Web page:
Category: Jack Palance

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* February 18, 1919
- November 10, 2006 (see Forum discussion)

Jack Palance

Jack Palance made a career out of playing villians and heavies in many westerns. He was born Volodymyr Palahniuk in Hazle Township, Luzerne County, Pennsylvania, the son of Ukrainian immigrants.

His father was a coal miner, and he followed his father into the mines for awhile until taking up professional boxing in the 1930s. During World War II, he served in the U.S. Army Air Force. After the war, he made his way to California and got a bachelor of arts degree from Stanford University.

Palance's acting break came as Marlon Brando's understudy in A Streetcar Named Desire and he eventually replaced Brando on stage. He made his Broaway debut in 1947 and went to Hollywood in 1950, making his debut in Panic in the Streets.

He received the first of three Academy Award supporting actor nominations for his third film, Sudden Fear, and his second came in 1953 for his turn as the cold-blooded gunfighter in Shane.

Other film roles include Attila the Hung in Sign of the Pagan (1954), a Mexican revolutionary turned bandit and kidnapper in The Professionals (1966), Fidel Castro in Che! (1969) and the leader of a posse pursuing Charles Bronson in Chato's Land.

It was another western for which he finally won an Academy Award, in 1992 for his turn as the leather-skinned cattle-drive boss in the comedy City Slickers. Accepting his award, the intimidatingly fit 6' 4" (1.93 m) actor looked down at 5' 7" (1.70 m) Oscar host Billy Crystal (also his co-star in the movie), and mimicking one of his lines from the film, "Billy Crystal... I crap bigger than him." He then dropped to the floor and performed one-handed push-ups. He was 73 years old and still going strong.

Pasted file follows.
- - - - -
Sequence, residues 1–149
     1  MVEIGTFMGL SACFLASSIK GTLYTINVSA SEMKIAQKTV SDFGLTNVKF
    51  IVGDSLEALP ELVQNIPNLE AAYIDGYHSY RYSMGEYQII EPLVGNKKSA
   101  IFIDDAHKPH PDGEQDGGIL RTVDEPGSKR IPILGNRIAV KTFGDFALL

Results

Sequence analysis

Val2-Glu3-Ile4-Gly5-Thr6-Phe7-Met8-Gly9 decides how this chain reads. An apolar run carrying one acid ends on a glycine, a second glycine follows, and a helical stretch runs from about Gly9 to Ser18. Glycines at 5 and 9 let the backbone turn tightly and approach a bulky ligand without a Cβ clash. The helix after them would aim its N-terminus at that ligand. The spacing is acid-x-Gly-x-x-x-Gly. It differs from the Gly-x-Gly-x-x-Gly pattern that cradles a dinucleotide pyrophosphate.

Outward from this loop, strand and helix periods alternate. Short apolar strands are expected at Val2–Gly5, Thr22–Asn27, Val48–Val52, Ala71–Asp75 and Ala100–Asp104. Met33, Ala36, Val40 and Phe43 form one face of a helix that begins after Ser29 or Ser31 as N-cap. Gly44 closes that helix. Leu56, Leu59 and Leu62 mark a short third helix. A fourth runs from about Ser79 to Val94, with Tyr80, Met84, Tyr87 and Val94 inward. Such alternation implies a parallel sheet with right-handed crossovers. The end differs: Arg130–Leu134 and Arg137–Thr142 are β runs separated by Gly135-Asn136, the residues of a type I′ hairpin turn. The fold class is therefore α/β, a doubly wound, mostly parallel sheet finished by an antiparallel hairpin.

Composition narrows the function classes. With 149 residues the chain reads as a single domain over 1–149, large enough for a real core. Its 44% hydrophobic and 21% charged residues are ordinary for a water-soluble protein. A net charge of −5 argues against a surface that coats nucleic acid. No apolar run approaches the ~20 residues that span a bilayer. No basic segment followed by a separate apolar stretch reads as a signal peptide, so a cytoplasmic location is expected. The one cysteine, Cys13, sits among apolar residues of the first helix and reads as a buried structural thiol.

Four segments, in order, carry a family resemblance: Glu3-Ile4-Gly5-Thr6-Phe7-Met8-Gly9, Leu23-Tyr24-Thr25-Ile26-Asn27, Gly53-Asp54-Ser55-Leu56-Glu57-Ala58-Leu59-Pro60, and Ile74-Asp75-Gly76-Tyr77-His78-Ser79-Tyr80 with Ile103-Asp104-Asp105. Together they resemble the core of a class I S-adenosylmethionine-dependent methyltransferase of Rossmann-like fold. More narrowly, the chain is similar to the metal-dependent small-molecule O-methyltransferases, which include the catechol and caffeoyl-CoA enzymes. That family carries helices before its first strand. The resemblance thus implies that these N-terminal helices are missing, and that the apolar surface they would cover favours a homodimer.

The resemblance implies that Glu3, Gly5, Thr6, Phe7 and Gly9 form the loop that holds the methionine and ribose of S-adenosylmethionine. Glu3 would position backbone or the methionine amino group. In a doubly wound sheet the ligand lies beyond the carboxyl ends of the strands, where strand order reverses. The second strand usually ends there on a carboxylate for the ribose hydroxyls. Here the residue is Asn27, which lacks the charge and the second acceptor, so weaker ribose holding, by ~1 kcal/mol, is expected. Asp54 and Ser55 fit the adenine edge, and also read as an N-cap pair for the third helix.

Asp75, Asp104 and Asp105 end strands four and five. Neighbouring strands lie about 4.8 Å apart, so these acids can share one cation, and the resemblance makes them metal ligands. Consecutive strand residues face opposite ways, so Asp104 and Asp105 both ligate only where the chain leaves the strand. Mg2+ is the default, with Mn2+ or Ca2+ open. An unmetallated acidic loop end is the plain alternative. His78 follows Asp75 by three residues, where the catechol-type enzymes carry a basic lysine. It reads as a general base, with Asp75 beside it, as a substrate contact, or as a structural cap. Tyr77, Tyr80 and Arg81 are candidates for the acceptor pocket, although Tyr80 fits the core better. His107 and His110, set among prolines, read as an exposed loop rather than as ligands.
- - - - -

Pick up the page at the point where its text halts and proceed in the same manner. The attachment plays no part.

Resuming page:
Good to know

  • In Hollywood, the story went around that Palance's rugged face was the result of a fire aboard B-24 bomber on a training mission during World War II. But upon his death in 2006 at age 87, obituaries quoted him as saying the story was just a story. "Studio press agents make up anything they want to, and reporters go along with it. One flack created the legend that I had been blown up in an air crash during the war, and my face had to be put back together by way of plastic surgery. If it is a 'bionic face,' why didn't they do a better job of it?"


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